Unsurprisingly, working in the armed forces can be highly dangerous. It can involve working in some of the most perilous, warring regions in the world – most recently areas such as Afghanistan, Iraq and Syria. Whether you’re in the Army, Navy, Royal Air Force (RAF) or even the reserves forces or cadet forces, you are at risk.
The most dangerous military roles are riflemen, bomb disposal experts, reconnaissance, combat medics and engineers, para-rescue roles and drivers. Military personnel are at risk of battle wounds, hypothermia and frostbite, training injuries firearms, crush injuries, military vehicle accidents, and falls from heights. One of the most common injuries sustained during military service is a spinal injury.
Find out more about fall claims.
The harsh reality is, working in the military is dangerous and millions of service personnel have, quite literally, given their lives doing the job they like – a job like no other. Unfortunately, there are many service personnel and ex-military who are injured each year, whether at home or abroad. This includes cold injury claims.
However, if you are a member or former member of the military and have been injured or developed an illness or condition, you may be able to bring a no win no fee military claim.
Get in touch as soon as you can for free legal advice and help with making no win no fee injury claim for military accident compensation. You can call on 0800 234 6438 if you have suffered injuries caused while in the military. Specialist personal injury lawyers experienced in securing compensation for armed forces personnel are ready to guide you through the first steps of claiming compensation.
They can explain the claims process involved in claiming compensation, partnering you with a specialist military claims team. To secure maximum compensation, it is prudent to get legal advice from specialist military claims solicitors who are regulated by the Solicitors Regulation Authority to provide legal services and conduct compensation claims.
For additional support services – including urgent help – you can also contact Veterans UK which runs a helpline, a welfare service and medical assistance.
Service-related injuries are not uncommon during military service including military training. Training is tough, necessarily so. The purpose of military training is to prepare you for combat and actual military operations, so training has to be extremely tough. It ranges from physical endurance training such as multiple sit-ups, squats and runs, to lengthier military exercises in the cold and heat on the Ministry of Defence (MoD) training estate.
But with army and navy training comes the risk of injury. For example, in 2015 21 military personnel were injured, some seriously, in a collision involving three troop carriers on Salisbury Plain training area.
Live-fire training exercises can lead to gun-shot wounds and soldiers-in-training can suffer the extreme effects of heat and cold. Often, these injuries are the result of inadequate training and supervision or other forms of carelessness. Even though military training may be inherently dangerous, that does not mean senior officers can take short cuts with their officers’ safety.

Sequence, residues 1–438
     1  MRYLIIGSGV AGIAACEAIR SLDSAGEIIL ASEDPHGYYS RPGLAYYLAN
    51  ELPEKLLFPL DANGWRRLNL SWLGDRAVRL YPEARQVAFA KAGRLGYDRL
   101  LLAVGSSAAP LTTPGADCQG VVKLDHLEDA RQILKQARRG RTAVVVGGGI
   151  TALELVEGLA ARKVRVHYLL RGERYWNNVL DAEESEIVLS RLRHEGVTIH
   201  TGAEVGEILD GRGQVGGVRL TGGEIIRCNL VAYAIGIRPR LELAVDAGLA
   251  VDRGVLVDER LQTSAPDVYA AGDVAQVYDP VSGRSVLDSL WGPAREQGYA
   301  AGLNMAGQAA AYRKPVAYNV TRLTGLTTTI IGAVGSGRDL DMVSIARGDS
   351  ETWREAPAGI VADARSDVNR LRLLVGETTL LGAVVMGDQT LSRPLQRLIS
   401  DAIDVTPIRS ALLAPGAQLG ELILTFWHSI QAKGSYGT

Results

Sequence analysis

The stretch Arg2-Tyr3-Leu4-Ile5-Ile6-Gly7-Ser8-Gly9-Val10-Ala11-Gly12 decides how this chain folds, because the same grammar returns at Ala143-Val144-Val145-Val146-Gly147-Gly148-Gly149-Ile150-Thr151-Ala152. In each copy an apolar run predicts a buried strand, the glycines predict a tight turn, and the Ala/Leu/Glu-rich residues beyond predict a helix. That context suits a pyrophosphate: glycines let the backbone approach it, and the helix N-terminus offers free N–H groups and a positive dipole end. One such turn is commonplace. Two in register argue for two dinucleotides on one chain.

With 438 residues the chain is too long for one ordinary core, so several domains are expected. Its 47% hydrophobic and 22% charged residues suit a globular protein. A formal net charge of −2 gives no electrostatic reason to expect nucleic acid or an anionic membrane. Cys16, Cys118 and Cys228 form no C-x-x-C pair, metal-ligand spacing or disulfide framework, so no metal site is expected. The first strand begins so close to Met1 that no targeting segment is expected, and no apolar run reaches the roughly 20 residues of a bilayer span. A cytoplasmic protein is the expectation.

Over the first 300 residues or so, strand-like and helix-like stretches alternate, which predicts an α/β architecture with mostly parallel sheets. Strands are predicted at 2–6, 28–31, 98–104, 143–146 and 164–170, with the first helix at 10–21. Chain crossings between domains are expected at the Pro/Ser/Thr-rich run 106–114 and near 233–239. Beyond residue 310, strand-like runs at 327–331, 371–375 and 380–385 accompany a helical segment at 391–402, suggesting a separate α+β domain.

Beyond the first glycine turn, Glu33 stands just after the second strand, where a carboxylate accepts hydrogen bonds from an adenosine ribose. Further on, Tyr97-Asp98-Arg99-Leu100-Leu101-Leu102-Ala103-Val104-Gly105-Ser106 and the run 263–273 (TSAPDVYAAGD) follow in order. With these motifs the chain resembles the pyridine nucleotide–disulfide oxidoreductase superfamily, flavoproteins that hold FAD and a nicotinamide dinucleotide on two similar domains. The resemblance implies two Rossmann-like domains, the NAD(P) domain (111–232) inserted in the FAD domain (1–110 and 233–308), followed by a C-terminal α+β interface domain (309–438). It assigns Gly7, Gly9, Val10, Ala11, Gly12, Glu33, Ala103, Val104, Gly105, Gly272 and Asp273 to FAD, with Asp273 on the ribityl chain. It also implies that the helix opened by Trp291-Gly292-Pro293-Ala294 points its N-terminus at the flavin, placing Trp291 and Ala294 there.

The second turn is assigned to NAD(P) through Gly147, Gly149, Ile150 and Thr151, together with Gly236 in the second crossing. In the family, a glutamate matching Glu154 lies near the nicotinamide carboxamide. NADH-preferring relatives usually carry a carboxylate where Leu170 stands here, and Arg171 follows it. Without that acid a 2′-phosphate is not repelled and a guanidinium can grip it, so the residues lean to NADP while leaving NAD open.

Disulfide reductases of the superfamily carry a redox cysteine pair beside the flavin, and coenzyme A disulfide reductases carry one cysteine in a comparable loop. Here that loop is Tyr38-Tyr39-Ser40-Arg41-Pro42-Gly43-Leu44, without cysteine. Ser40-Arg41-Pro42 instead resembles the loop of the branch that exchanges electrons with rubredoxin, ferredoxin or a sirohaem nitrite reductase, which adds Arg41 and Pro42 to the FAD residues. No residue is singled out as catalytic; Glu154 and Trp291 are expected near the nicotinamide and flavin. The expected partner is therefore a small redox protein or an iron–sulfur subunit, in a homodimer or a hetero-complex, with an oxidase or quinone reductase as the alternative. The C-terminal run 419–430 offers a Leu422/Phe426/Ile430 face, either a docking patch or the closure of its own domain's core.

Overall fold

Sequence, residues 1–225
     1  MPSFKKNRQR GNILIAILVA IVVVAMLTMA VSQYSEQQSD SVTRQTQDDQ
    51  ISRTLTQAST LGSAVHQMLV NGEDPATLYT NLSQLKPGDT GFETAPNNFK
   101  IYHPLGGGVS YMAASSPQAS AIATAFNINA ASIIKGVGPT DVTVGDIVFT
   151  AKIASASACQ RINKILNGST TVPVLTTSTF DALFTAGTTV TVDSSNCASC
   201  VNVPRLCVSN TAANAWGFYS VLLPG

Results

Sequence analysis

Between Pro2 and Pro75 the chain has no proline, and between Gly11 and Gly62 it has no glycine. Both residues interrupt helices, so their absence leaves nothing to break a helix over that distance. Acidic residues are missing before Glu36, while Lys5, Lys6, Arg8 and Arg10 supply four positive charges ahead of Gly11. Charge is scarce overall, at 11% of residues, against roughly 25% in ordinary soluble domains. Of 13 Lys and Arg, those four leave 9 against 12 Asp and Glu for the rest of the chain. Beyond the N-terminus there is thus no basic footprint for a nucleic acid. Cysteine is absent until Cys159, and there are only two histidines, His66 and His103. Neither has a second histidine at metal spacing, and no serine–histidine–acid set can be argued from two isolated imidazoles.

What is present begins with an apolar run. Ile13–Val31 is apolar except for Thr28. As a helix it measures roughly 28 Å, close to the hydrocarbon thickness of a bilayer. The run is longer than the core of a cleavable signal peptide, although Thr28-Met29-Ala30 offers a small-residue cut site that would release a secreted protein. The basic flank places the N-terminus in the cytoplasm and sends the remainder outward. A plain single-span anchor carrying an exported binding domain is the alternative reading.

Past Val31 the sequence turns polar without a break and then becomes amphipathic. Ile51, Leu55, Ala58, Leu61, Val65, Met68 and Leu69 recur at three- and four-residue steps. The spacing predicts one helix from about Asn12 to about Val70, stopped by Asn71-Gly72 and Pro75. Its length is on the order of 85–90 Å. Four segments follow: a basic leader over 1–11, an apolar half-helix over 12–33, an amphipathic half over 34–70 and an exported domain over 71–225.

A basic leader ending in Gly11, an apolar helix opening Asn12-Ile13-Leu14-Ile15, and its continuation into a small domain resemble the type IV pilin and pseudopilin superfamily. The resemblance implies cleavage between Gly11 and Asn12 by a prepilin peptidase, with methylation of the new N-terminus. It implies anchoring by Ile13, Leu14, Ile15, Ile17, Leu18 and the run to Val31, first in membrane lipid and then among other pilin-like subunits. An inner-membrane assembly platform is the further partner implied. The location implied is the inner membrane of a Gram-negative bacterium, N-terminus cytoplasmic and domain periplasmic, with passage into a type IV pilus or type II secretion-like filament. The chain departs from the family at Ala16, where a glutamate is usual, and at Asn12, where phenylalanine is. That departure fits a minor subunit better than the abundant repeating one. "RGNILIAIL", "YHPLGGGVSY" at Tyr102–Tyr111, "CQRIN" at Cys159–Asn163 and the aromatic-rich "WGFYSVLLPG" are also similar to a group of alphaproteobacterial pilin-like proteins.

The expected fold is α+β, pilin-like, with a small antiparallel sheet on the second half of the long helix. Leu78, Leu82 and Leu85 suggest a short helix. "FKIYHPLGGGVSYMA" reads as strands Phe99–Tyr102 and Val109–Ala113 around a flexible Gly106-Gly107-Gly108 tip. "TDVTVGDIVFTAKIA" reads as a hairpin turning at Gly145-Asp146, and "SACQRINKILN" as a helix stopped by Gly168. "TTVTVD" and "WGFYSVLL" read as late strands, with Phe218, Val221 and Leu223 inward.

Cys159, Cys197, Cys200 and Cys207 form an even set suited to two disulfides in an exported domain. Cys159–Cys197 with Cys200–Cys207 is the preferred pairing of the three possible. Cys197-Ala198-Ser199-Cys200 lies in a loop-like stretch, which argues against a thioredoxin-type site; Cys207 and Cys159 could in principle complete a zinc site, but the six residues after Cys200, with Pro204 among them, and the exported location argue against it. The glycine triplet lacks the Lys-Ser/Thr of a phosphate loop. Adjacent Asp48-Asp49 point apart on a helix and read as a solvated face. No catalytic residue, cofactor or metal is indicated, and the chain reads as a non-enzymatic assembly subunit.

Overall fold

So if you’ve been injured during a military training exercise, whether at home or overseas, and your injuries were preventable, you can bring a military accident claim with the help of lawyers specialising in military claim legal services. Depending on the circumstances, your personal injury claim may be against the MoD or it may be against one of its approved contractors – but your solicitor will discuss this with you.
It is important to be aware that proving negligence against the MoD is not always straightforward, but with specialist legal services from the best specialist military lawyer you will have the best chance of a successful military accident claim.
Find out more about claiming serious injury compensation.
The MoD’s training area at Salisbury Plain is the largest army training site in the UK and often hosts Europe’s largest joint military drill. It is some 25 miles long, 6-8 miles wide and has around 94,000 acres.
If you were injured during combat, the law is quite complicated. In some situations you may be able to make a military injury claim – but not in others. The general rule is that under the legal doctrine of combat immunity, the MoD is not liable for injuries resulting from combat – ruling out some compensation claims. However, this is not an absolute rule: if your injuries during combat were the result of a failure in the MoD’s duty of care towards you, you can make a military injury claim.
For example, if you were not adequately protected when sent into combat because you were not provided with the right personal equipment and body armour, and you were injured as a result, you should be able to claim military accident compensation.
Similarly, if you were injured during combat because you were insufficiently trained or, for instance, your equipment or army vehicle was poorly maintained, it is possible to bring personal injury claims under health and safety legislation.
Any military personnel and any ex-service personnel have the legal right to bring a military injury claim for compensation following failures on the part of the Ministry of Defence. Individuals can also bring military claims where they have developed a condition or illness as a direct result of working in the military – even if it is some years since they left service, including through medical discharge.